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10 Communication Skills for Developers

Folks,

10 Rules to Build English Communication Skills For Developers

Abstract

Today's world is about distributed teams across the globe. A team member sitting in the Indian Silicon Valley or a software company of the financial capital of India might be reporting to a manager sitting in Microsoft Headquarters in Redmond, Washington (a suburb of Seattle, Washington, USA). This is almost as if you have travelled around the world. Hence, long-distance communication has become prominent over the last couple of years.

How it matters

But I am technically strong, so how does it matter to me?

Well, if you are really interested in moving up the career ladder then communication is the key. For instance, if you want to be promoted to be a Tech/Team Lead then good communication skills will help in the longer run. 

Good communication demonstrates good leadership skills and so helps you to pave the road to new roles and responsibilities. Would you like to send a software architect to a client or listen to him on the phone when he can barely communicate; would you like to work with a team/tech lead or on-site coordinator that can barely explain what the client wants? I am sure not. 

Why English has become so important

Do I really need to explain that? If you are reading this article of mine, then you are in the same boat as I am. In other words, the software development field. English is a global language to communicate with anyone whom you don't know how to connect with. Besides, if you are planning to travel, work abroad, deal with higher management in your company and pave your road in a highly competitive society then a good command of English is like “Cherry on the Cake".

Many deserving candidates are rejected every year for a USA visa (H1B, L1B even studying abroad) in their interview because they can hardly communicate well and can't impress the consulate person who is interviewing the candidate.

Consider that, even for technical interviews, how to express that you are a good candidate and understand the technology. That time is gone when you can cram for the questions and spit them out to the interviewer. The trend of interviews have changed. For instance, now people don't really ask the difference between “Abstract class and Interfaces”.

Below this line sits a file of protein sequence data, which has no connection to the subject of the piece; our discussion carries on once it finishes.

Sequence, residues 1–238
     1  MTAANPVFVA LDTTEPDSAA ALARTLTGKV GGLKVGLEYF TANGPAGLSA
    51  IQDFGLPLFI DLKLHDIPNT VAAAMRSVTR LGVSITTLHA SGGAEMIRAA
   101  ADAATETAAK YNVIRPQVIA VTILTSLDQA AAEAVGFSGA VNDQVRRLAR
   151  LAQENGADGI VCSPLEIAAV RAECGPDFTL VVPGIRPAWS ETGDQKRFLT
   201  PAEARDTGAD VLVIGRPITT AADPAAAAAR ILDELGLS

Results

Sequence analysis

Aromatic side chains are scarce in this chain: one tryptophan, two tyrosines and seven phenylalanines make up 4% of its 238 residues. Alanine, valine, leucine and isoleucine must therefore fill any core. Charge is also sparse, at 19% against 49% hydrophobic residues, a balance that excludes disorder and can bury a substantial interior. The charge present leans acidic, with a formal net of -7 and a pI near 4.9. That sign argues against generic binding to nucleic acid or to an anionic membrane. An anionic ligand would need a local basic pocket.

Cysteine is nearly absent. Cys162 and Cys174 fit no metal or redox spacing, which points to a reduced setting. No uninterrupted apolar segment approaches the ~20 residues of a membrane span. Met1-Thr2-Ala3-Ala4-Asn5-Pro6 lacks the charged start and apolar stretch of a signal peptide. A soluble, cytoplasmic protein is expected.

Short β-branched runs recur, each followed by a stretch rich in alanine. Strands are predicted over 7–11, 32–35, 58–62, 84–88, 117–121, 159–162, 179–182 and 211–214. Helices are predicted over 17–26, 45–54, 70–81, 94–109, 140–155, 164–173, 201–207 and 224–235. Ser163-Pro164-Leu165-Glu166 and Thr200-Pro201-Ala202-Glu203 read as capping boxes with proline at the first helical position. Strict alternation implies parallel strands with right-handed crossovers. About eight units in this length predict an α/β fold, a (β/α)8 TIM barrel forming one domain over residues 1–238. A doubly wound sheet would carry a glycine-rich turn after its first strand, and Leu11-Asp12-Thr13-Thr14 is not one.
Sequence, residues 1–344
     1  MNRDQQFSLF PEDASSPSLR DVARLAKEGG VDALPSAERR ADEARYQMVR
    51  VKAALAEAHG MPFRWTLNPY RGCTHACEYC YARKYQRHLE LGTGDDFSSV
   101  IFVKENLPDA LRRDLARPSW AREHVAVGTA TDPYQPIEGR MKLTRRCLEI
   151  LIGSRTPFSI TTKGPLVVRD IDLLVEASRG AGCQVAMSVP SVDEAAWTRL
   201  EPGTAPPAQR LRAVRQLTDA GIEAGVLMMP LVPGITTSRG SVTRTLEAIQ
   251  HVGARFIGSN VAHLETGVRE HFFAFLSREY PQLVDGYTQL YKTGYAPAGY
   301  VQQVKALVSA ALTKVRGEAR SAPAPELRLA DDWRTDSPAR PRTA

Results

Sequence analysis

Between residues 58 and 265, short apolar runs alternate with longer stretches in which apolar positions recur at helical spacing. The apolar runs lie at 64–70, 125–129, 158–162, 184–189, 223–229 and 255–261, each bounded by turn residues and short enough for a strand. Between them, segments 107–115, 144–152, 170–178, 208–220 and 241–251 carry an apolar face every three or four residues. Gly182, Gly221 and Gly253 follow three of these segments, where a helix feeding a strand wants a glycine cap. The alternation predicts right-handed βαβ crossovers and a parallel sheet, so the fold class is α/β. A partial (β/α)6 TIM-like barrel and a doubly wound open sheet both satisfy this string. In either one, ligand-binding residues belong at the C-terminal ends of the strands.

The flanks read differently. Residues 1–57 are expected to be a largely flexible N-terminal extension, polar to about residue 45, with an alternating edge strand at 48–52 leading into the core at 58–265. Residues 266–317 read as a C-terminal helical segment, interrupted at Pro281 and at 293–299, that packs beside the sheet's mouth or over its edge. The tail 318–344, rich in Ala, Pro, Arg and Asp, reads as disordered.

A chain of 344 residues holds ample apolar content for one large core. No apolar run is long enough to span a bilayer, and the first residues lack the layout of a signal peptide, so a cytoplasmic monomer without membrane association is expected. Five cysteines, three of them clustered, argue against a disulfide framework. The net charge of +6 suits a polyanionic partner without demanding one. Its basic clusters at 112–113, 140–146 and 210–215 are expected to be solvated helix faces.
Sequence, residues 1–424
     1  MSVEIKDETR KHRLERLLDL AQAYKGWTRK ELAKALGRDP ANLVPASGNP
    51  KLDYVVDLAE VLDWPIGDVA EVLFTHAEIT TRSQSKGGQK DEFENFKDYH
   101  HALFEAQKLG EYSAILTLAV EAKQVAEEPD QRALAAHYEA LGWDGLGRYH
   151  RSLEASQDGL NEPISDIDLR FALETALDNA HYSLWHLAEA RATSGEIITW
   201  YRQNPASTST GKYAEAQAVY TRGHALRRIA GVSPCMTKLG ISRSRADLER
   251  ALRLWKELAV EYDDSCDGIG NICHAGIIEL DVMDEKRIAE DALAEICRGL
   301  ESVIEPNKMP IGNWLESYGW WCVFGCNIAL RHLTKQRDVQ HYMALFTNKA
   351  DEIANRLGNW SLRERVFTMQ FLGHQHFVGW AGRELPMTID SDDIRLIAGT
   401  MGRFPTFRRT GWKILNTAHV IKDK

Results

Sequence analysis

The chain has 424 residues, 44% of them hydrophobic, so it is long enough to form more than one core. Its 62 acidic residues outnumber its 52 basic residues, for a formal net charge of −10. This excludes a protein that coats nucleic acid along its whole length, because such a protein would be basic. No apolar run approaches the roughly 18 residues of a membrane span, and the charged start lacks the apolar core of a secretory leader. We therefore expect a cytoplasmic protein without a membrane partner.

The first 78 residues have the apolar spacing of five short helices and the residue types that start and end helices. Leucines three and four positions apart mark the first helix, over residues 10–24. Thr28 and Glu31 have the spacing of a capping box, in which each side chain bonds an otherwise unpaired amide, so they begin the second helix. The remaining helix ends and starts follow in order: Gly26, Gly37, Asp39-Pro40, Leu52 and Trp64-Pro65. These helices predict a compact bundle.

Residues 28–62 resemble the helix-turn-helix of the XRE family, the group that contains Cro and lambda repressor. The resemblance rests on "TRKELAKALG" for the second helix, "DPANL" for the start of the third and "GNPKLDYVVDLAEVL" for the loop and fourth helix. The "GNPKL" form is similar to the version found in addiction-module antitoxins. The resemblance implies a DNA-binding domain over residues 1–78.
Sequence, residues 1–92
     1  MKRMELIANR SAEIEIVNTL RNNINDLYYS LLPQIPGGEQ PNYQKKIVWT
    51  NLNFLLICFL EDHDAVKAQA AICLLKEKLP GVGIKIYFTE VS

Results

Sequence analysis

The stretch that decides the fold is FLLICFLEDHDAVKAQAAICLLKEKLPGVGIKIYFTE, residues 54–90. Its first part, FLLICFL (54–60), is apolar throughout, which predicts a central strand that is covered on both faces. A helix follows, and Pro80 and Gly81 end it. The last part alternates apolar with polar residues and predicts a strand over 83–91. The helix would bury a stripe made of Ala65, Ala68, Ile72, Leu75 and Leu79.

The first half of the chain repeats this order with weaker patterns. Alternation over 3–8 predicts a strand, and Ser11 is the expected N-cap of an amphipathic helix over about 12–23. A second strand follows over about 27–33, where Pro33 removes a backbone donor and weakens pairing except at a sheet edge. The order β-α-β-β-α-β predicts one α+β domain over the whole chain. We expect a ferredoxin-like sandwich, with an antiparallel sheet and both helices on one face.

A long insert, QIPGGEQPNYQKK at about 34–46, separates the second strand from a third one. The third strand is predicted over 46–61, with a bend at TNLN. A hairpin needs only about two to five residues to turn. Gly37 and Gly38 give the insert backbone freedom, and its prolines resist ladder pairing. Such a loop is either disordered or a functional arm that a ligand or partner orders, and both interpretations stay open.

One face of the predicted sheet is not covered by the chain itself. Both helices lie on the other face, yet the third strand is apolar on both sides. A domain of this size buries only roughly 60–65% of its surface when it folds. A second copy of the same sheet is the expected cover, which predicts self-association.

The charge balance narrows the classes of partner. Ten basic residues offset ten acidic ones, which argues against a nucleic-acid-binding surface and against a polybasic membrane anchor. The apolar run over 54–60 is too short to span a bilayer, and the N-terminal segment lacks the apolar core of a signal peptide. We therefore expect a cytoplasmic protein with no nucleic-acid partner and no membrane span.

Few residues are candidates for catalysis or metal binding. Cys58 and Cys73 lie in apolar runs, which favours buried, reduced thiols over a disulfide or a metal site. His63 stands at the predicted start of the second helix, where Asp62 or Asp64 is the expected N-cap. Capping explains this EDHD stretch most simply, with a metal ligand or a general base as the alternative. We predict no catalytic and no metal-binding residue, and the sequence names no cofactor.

Instead they will ask you a scenario where you choose to implement an interface instead of an abstract class or vice versa. Even, based on your project description they drag you into a totally un-imagined situation and ask for your views. Such just-in-time situations and scenarios are hard to cram for, or even prepare for. So you end up sharing your thoughts or thought processes during the interview. Do you feel little sweating in your palms or forehead?

Techniques to develop good English Communication Skills

So what's the technique to have good English communication skills?

The following is the Rule of Thumb as it appplies to those candidates whose Mother Tongue or Native language is not English, just like me.

Don't panic about or fear English communication; rather work on it. I can share how I (a small town's boy of Hindi medium from northern India) made it possible. 

Rule #1: Focus on learning English grammar to strengthen the fundamentals. If there is a need to improvise your English grammar then work on it for some time and the remaining can be learned by listening and speaking with others. Here is a good E-Book to strengthen the fundamentals from the basics to the extreme expert level.

Rule #2: Don't focus on accent (American, British and so on) immediately; instead focus on grammar for the correct usage or words and accurate sentence formation. Accent will come automatically later when you work with people across the globe and have developed a good grasp of the language.

Rule #3: Your skills building, in other words learning, must be by using English only. For instance, I see some people prefer to learn technology in their native language. I don't understand how learning .NET or any other topic will help you better in your native language, because most of the terms are English only; C#, CLR, Framework, Language, Compile, Code, Debug and so on. So why to worry so much for some of the plumbing or the gluing together of words in the middle to make sentences.

For example, if I need to learn what is .NET then what is it you won't understand in: “.NET is a platform and framework that allows you to build applications using many .NET compliant programming languages and even deploy and run those on many non-Microsoft platform OSs”.